When I got back from Stonecoast, as I said, I jumped right into recording the audiobook. Despite my podcasting experience, I went to a professional studio locally and recorded. Because of my schedule (childcare after school, etc) I can only record for five hours, and I discovered that my voice pretty much gives out after five hours anyway. It’s grueling to be “on” for that long, hard on the voice and strangely exhausting. Because of the schedule, I had less than a week to get it done, and had to go in on the weekend.
I don’t do voices or accents, frankly I’m afraid of either a) forgetting a specific vocal trait of a character, or b) butchering an accent. I haven’t heard anyone complain about this yet, but now that I’m doing this on a “professional” basis, at least for my own books, I’m feeling a bit behind the curve of narration skill. If I work on another one book, I’ll likely see if I can work on some vocal tics to distinguish characters, if not outright accents.
But for an untrained person, a “slight Irish lilt” as this damnable author wrote, is something that could easily go down in flames.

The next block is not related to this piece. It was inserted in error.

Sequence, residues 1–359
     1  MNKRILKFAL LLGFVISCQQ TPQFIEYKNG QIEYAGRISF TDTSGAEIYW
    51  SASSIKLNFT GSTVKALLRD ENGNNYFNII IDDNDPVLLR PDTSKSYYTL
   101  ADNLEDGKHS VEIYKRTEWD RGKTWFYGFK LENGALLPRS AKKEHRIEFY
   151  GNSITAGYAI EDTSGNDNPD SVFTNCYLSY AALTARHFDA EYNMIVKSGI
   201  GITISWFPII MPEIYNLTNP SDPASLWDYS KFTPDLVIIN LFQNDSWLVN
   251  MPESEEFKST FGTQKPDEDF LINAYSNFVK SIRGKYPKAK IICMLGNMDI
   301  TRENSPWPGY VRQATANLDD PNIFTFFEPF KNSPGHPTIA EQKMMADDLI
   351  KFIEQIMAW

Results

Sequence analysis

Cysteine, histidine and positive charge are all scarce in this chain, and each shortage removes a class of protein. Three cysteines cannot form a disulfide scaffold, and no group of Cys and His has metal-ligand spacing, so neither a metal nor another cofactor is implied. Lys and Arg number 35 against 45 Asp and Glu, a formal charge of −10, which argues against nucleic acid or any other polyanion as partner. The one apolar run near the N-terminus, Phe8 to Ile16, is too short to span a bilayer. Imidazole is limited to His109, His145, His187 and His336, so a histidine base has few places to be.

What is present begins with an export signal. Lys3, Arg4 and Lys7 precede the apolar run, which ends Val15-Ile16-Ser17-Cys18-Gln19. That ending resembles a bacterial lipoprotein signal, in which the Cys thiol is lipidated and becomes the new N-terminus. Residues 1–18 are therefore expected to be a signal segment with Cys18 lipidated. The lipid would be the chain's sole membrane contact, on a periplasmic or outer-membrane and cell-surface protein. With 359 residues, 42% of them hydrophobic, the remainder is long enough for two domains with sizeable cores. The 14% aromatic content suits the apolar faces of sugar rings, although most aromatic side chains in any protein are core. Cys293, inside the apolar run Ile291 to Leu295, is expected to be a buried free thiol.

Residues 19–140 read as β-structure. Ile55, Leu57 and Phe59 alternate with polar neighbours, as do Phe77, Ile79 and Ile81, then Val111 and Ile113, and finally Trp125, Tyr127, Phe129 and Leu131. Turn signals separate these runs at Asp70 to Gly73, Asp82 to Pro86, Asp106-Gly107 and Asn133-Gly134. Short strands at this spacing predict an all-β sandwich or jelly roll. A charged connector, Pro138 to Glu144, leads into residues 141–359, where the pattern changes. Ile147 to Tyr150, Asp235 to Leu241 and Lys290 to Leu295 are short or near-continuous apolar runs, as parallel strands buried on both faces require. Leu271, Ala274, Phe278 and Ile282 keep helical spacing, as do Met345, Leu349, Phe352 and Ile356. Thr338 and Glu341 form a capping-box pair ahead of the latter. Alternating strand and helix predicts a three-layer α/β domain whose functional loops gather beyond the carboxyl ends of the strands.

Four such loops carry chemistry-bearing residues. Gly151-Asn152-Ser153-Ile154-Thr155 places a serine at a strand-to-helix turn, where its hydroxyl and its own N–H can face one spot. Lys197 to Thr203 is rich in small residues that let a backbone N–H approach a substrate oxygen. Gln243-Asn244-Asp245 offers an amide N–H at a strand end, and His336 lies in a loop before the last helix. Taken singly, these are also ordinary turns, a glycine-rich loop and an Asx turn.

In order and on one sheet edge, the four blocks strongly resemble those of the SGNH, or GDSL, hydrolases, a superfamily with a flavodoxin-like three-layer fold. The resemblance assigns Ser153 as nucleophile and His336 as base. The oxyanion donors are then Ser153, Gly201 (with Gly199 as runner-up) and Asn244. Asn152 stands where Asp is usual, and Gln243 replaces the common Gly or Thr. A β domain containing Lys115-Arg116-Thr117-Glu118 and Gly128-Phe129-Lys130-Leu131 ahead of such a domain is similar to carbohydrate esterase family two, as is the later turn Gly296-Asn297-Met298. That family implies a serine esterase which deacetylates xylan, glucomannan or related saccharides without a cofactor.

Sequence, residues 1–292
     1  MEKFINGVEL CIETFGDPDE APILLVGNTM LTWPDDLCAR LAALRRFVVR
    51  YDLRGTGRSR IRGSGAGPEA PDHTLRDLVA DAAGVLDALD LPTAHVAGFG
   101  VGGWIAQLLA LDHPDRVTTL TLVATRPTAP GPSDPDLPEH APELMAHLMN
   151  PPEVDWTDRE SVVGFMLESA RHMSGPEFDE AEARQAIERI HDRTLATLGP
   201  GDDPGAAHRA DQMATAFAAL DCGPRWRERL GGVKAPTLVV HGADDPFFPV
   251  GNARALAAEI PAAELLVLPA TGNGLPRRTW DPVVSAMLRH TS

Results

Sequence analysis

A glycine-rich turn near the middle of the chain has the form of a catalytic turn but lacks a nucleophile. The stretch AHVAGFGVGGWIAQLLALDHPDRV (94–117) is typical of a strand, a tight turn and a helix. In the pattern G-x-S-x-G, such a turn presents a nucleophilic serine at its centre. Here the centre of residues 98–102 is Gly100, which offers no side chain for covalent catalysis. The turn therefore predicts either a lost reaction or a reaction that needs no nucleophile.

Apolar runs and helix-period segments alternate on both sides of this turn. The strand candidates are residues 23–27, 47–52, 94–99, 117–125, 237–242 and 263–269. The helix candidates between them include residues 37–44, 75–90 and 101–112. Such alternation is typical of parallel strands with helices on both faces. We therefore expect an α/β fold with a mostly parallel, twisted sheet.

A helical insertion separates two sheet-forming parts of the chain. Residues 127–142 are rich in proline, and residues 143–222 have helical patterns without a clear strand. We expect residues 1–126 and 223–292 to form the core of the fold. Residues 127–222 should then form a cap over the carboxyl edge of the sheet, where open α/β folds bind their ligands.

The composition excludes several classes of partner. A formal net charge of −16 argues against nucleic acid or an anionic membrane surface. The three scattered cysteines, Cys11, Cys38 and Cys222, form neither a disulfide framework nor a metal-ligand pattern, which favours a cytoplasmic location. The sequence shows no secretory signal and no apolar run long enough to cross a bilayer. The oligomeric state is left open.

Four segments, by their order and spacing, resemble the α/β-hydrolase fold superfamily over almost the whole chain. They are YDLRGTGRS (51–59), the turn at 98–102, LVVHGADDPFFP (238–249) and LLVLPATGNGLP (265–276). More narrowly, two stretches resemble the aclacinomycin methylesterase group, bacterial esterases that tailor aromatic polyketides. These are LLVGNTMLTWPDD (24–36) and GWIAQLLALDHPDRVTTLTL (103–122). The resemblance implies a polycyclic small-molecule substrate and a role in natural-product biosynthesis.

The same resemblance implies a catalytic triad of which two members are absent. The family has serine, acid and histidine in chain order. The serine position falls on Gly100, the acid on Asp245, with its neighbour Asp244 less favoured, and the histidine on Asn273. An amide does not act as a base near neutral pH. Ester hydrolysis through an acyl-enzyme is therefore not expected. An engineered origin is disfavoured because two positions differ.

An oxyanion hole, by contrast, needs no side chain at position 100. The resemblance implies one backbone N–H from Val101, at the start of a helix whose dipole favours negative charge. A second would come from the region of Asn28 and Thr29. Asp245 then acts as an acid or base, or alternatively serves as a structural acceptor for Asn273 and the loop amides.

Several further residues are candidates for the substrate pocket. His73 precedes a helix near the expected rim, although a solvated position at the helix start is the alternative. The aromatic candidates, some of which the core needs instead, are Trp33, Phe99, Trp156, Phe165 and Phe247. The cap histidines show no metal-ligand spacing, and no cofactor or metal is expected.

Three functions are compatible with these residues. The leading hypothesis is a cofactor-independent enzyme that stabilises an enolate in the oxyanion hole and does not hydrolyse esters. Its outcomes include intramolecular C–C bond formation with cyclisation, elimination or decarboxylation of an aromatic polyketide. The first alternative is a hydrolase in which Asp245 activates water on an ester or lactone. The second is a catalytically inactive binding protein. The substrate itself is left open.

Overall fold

There of course is the downside of a pro-grade audio setup catching every stomach gurgle, spit bubble pop, and the brush of clothing as I reach up to turn a page. Redoing a take because of those things is just maddening.
So yesterday I did all the requested edits, and hopefully am done now. I will be doing a podcast of this one, too, but unlike the first one, the print book will be coming out first, and the podcast a few months later. But you can purchase the print, the ebook, or just get the whole audiobook at once.
Tomorrow: events of the next 30 days!
Ghost Train to New Orleans – Out March 4